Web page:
The last time I went and fired up a first-person shooter with role-playing elements, it was to check for monsters under my bed. I had given Fallout 3 all the chances it deserved to woo me, but it just never really clicked. My final foray into its dusty world was to once and for all convince myself that there was nothing there and it would all go away once I closed my eyes. Truly, I was a man disappointed.

Thank Gearbox then, that Borderlands is no Fallout 3. It’s much more satisfying.

Set on the nasty world of Pandora, Borderlands is a first-person shooter RPG hybrid that fully embraces the ridiculous. You are faced with the task of finding ‘The Vault’, a fabled treasure buried deep beneath the crust of the planet. You start off by rolling a character from one of four classes, streamlined to give you enough variation without becoming finicky off the bat. A siren, a soldier, a hunter and a tank are at your disposal and all offer unique advantages over the other three. Each class is supplemented by additional abilities that are unlocked and strengthened throughout the adventure, but that’s nothing new. In fact, comparisons to World of Warcraft or even Diablo could be drawn, but that’s not what’s really going on here. Borderlands retains enough of it’s FPS heritage to provide a compelling and unique experience.

Perhaps one of the most often mentioned features of Borderlands is the insane array of weaponry available. The game is literally billed as having ‘bazillions’ of guns, and this feels accurate as you play through. The RPG leanings of the game shine through with unique and rare versions of base guns, elemental attachments and a swag of shield and grenade options to fill any gap. Fans of regular shooters might find it distressing to throw away a perfectly good weapon in place of an untested new piece of kit, but it’s a process you have to grapple with in Borderlands.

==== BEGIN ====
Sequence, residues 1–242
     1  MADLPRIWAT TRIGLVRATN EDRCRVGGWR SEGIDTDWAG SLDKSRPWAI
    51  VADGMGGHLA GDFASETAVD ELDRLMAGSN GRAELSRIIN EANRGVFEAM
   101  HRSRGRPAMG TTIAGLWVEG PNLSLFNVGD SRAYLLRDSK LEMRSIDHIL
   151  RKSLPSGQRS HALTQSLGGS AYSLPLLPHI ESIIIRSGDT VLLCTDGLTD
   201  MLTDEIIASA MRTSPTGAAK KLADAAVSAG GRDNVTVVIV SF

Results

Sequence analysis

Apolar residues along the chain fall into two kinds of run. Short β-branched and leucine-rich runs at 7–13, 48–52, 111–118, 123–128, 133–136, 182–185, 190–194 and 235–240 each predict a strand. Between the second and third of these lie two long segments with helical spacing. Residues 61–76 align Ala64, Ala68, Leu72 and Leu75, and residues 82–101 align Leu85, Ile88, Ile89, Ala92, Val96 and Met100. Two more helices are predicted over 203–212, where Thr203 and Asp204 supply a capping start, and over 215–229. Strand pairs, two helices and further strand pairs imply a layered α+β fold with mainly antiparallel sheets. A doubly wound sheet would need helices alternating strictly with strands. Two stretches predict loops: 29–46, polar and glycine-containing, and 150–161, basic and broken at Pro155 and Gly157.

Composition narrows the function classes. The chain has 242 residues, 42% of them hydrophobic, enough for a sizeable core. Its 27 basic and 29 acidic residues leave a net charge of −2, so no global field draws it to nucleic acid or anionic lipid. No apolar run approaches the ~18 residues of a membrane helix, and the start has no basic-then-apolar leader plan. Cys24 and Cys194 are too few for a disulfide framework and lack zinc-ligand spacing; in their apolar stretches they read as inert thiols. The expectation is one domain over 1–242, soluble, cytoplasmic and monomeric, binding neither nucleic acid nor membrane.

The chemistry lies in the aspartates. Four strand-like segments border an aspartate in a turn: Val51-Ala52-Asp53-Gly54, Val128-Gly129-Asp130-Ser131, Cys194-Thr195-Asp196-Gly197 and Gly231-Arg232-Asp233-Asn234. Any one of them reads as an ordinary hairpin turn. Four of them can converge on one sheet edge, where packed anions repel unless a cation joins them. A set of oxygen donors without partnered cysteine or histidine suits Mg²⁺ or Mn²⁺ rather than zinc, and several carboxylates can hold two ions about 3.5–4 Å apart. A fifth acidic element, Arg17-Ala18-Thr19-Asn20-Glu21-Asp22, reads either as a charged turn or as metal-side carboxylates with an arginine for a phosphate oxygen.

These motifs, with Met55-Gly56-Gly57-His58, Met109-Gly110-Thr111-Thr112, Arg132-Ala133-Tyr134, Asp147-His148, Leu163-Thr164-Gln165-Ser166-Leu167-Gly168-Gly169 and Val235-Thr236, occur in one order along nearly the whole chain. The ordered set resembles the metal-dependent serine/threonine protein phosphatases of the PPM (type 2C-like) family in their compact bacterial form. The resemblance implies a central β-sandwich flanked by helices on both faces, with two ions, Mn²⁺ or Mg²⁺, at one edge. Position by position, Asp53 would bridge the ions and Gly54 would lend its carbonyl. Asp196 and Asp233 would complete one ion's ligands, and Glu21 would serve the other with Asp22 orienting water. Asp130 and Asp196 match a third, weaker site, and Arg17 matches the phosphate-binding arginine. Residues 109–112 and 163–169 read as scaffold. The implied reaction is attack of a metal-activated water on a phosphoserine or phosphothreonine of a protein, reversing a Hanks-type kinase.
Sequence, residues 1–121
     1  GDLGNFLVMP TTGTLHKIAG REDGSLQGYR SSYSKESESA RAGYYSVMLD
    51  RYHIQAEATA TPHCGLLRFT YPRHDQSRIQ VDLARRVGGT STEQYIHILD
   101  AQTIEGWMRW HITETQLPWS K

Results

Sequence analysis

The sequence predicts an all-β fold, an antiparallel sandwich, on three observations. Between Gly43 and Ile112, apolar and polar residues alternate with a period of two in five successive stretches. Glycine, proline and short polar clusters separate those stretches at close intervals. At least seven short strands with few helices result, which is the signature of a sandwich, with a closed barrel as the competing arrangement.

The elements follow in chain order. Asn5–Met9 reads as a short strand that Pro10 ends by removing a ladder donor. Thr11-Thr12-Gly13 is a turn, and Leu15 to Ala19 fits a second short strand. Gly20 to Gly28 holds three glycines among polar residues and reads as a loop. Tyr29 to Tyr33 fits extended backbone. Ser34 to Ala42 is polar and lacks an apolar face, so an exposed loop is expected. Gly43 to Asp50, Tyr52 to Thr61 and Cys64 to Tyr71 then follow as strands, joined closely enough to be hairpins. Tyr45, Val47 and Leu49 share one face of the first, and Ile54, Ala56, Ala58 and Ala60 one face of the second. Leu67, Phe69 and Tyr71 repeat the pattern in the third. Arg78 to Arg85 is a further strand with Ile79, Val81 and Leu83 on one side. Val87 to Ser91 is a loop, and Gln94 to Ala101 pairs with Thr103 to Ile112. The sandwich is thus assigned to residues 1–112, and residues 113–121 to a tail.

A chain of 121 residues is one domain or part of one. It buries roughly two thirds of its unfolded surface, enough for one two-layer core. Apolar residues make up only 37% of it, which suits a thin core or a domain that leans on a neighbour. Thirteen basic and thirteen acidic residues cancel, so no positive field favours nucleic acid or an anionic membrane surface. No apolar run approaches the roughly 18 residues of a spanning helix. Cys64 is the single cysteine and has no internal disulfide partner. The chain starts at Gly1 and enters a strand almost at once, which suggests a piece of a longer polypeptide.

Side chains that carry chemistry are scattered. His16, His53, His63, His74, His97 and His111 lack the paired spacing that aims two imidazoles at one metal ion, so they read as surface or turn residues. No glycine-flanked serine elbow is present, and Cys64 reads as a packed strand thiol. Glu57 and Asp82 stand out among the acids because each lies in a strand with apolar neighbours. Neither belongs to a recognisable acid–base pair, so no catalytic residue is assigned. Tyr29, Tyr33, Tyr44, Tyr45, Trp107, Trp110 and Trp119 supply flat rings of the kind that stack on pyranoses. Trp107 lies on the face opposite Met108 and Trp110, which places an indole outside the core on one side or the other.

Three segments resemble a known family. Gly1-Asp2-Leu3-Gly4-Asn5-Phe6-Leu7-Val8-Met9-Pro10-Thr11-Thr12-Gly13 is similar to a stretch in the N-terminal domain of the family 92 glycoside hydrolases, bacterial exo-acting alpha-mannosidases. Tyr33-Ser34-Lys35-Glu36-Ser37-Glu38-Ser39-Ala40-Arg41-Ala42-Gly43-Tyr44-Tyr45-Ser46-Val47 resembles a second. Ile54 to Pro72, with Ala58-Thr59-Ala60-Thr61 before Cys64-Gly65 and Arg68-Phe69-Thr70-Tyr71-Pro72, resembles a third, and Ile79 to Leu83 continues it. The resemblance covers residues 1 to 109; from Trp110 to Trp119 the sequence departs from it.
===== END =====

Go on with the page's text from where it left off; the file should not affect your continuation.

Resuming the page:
For the most part, dealing with inventory and slots is painless, but on occasion I found random glitches which messed up my selection of guns. No matter – there is ample scope within the stable of weapons to suit any matter of psychopathic tendency.

The quality of Borderlands oozes out from the first scene, as the brilliantly acted voice-work and quirky sense of humour are established early. A slight sense of madness is employed in the character writing in this game, a welcome change from the clinical or simply boring NPCs we’re frequently treated to. It’s this charm and attention to detail that sets Borderlands apart from the pack. Once a character is selected, it’s off into the big bad wastelands of Pandora. The storyline ambles along nicely, although it’s not terribly important in the long run. The numerous quests are dished out at a rate which keeps you hungry for more, especially in the faster-paced online mode of the game. Truly, online mode is far superior to the single-player experience, in terms of pace, co-operation and not getting lonely on the long walks around Pandora’s rough surface.

Speaking of that rough surface, the game looks wonderful. The Unreal Engine has been tweaked to provide a clear HUD/inventory system as well as a visually charming 3D environment to murder things in. The art direction of Borderlands was a master-stroke on the part of Gearbox, the cell-shaded models are surprisingly emotive and add to the illusion of the game. There is really something to be said about leaping from your rocket equipped dune-buggy onto the dusty desert floor at dusk and taking to a pack of savage midgets with a sub-machine gun and having it all look so good. The graphical tweak options are fairly limited; perhaps a sign that this game was developed for PC and consoles concurrently. Not the end of the world, but extra config options would be appreciated in a future patch.

Overall, Borderlands is a blast. It’s great fun on your own, something which is only magnified by the wonderful online experience. Occasionally the RPG elements weigh a little too heavily in single player, requiring serious grinding – but this is a minor complaint. The level of charm, wit and overall shine on this title makes it worth the purchase. I had a few issues with Steam compatibility (the game uses inbuilt GameSpy for matchmaking), something I’m sure will be smoothed out in the near future. The PC version offers players a more refined set of controls and tweaking options that it’s console counterparts, making it the version of choice. For fans of Action RPGs and FPS alike, Borderlands is well worth the price of admission.


If you haven't already, check out our console review of Borderlands here.